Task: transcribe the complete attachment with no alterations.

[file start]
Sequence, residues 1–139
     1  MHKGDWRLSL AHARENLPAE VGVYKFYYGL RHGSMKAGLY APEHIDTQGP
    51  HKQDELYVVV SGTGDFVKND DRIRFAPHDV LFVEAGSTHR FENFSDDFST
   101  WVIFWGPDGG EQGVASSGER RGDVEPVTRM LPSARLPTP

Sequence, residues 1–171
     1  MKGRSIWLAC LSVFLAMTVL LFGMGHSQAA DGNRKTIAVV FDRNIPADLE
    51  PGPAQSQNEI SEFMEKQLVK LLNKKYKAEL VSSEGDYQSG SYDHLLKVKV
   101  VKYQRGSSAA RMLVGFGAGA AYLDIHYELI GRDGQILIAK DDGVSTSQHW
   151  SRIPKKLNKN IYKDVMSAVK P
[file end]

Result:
Sequence, residues 1–139
     1  MHKGDWRLSL AHARENLPAE VGVYKFYYGL RHGSMKAGLY APEHIDTQGP
    51  HKQDELYVVV SGTGDFVKND DRIRFAPHDV LFVEAGSTHR FENFSDDFST
   101  WVIFWGPDGG EQGVASSGER RGDVEPVTRM LPSARLPTP

Sequence, residues 1–171
     1  MKGRSIWLAC LSVFLAMTVL LFGMGHSQAA DGNRKTIAVV FDRNIPADLE
    51  PGPAQSQNEI SEFMEKQLVK LLNKKYKAEL VSSEGDYQSG SYDHLLKVKV
   101  VKYQRGSSAA RMLVGFGAGA AYLDIHYELI GRDGQILIAK DDGVSTSQHW
   151  SRIPKKLNKN IYKDVMSAVK P